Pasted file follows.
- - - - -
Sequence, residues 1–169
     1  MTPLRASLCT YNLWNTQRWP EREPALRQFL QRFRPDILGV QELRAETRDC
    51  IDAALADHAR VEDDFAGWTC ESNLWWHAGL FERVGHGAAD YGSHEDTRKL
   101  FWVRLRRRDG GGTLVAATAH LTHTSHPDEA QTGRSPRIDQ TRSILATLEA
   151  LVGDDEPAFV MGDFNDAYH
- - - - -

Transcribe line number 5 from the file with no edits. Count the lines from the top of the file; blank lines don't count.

   151  LVGDDEPAFV MGDFNDAYH